Well, it wouldn’t be Winter in south Mississippi without crazy temperature swings and severe weather, right? Looking ahead to the end of next week, we may have to wrestle with some storms and the threat for some severe weather, too.
As we transition out of this cold air, we are going to actually do a good job at getting back to above-average conditions. Temperatures late next week could be in the 70s by Thursday and Friday. And while specific timing for when the next cold front arrives is still a bit grey, the idea is that by Saturday we will be on the backside of it and into more chilly weather again (but not crazy cold).
The rebound to above average temperatures after a cold snap like this isn’t a weird thing.
I’ve heard from some people who can’t believe that we would be going from one extreme to another. This happened last January, too. Though, admittedly, not as drastic of a swing. After a day or two of lows in the teens and 20s, we spent a few days flirting with the mid 70s. And back in 2015 we did about the same thing, too.
Neither of the previous cases were quite as drastic a change in temperatures – a handful of days in the 30s and 40s then a handful of days pushing 70 – but the thought that this is strange doesn’t carry as much weight when you look at the record books.
The real question is just how much moisture will be available and where is that moisture coming form. Run-to-run consistency hasn’t been great but it is starting to trend in a certain direction.
The dewpoints – a measure of how much moisture is in the air – will be back into the 60s by next Thursday. That is a far cry from the single-digits we are feeling right now in south Mississippi. As the dewpoints rebound, a trough and cold front will swing in from the northwest. There is still some question as to just how fast it will be moving and how cold it will be.
The colder and faster? Better chance for a line of strong storms to move through with heavy rain, lightning, gusty wind and some hail. The tornado threat may be held in check by the faster front not allowing higher dewpoints (more atmospheric moisture) to pool ahead of the front.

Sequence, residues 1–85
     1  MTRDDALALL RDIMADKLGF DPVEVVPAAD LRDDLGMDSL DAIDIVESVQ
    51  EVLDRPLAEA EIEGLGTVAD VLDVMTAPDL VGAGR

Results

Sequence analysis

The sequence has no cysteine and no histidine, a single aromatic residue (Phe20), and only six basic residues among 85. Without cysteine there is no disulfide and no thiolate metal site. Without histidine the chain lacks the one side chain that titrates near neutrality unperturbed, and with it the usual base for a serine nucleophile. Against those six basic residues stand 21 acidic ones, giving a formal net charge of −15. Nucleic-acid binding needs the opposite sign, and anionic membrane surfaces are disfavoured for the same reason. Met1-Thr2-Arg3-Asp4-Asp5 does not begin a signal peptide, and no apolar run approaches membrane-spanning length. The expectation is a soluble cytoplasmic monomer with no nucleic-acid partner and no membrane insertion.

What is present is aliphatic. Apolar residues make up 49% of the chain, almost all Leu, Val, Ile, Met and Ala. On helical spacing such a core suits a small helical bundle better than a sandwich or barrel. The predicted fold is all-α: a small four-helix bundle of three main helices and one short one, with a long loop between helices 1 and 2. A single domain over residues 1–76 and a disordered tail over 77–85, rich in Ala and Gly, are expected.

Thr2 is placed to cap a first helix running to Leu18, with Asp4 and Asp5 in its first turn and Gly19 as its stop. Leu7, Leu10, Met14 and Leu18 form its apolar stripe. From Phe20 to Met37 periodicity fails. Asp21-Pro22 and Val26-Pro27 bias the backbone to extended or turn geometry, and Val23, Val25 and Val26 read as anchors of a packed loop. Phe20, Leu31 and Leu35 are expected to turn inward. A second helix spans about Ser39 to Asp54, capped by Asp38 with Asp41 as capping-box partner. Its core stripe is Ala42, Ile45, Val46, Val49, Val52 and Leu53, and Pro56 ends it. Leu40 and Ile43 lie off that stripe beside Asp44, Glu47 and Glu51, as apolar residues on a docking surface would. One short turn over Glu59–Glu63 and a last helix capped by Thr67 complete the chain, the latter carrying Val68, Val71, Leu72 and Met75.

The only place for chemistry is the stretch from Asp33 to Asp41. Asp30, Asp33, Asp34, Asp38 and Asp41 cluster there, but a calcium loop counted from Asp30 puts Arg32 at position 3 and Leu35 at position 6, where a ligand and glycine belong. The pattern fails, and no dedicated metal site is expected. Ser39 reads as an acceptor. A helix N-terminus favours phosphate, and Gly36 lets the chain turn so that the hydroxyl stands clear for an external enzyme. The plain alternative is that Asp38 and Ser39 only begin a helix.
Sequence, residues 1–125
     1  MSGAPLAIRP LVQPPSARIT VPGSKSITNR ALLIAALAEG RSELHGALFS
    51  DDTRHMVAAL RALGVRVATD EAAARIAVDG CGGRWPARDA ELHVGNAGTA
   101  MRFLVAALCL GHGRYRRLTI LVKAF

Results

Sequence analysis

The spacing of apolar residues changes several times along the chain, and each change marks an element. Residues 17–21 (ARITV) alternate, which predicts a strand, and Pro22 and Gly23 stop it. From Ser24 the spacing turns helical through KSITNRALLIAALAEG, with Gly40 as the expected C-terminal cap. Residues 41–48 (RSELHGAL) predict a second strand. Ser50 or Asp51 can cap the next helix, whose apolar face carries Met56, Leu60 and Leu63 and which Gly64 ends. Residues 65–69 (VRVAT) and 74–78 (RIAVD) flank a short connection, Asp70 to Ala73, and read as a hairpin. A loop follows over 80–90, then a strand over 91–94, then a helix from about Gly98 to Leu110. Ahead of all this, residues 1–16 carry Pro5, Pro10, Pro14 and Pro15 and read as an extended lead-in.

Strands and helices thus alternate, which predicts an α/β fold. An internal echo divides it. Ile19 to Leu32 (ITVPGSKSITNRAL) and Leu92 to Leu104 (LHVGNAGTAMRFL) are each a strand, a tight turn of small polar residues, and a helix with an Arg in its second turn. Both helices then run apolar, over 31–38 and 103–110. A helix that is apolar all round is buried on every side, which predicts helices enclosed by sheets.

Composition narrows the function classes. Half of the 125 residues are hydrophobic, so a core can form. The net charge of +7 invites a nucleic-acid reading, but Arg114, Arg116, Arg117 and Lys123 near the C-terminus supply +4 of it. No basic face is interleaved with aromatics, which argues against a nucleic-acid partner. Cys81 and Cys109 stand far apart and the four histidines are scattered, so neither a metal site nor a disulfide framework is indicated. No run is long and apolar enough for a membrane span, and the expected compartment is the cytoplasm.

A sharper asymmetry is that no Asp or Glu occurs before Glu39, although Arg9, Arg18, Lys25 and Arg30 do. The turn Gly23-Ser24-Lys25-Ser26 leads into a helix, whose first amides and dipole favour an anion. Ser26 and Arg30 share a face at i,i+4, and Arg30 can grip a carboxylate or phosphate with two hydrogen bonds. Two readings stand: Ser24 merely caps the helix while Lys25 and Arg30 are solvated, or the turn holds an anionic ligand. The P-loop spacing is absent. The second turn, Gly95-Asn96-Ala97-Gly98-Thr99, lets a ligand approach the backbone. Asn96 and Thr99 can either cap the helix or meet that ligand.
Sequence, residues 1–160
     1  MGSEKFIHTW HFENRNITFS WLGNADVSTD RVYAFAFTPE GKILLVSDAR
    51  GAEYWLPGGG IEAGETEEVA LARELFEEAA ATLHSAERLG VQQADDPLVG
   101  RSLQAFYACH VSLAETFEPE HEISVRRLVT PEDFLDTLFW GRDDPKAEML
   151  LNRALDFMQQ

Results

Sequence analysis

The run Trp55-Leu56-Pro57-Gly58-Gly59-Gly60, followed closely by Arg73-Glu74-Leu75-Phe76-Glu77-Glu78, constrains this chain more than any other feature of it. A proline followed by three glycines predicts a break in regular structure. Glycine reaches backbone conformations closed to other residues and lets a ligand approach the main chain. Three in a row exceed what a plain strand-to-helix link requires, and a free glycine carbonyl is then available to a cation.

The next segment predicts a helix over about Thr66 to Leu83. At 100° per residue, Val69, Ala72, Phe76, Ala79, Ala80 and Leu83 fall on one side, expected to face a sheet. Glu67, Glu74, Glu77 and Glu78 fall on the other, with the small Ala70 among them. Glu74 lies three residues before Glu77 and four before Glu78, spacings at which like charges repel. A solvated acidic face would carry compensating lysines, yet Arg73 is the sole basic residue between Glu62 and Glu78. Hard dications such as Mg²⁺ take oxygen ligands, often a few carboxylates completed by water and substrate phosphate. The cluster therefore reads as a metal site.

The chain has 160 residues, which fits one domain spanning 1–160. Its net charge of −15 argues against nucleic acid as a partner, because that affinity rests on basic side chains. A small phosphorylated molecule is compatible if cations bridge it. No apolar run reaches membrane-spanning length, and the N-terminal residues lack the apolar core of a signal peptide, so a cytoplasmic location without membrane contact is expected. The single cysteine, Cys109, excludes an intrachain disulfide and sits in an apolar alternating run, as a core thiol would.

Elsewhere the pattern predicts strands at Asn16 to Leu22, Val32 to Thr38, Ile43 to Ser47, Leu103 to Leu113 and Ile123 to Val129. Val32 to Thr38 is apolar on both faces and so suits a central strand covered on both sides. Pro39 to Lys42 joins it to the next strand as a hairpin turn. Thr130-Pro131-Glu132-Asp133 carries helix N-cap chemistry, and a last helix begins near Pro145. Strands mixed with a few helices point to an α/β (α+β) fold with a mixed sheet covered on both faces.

The warmer and slower? Probably a broken line storms would be more likely. Heavy rain, lightning, gusty wind still in the mix. The tornado threat – depending on some other factors – may be a bit higher in this case (just this time, this isn’t a Rule of Thumb) as higher dewpoints could hang around for longer. Plus the slower movement would leave our area in the right place in relation to the trough to promote better wind shear within the atmosphere.
Somewhere in between? Likely where we will be. When looking out this far using the operational models, they don’t do a great job figuring out specifics. That is why we tend to look at Ensemble Models this far out. Ensembles blend together multiple different possible outcomes to give a best average guess based on the possible outcomes.
The CIPS Analogs looks at that and compares it to the past, showing that severe weather is possible.
Based on the CIPS Analogs there is a lower chance that we deal with severe weather, but not a zero chance.
Severe weather may not be the whole story, though. The ECMWF computer weather model is showing something that quite a few of the Ensemble members of the GFS computer weather model also show: A lot of rain.
CIPS is showing 1.5″ to 2″ of rain possible across the area. This is much needed give that parts of the area are back in different levels of drought. That said, getting it all at one time may not be ideal. Given how dry the ground is, we may see considerable runoff instead of the water simply soaking into the ground. That may lead to localized – but not catastrophic – flooding.
Still too early for specifics on late next week. But please keep an eye on the forecast. We may be dealing with storms. And some of those storms may be severe. And depending on how things shake out, we may also have to deal with some localized flooding.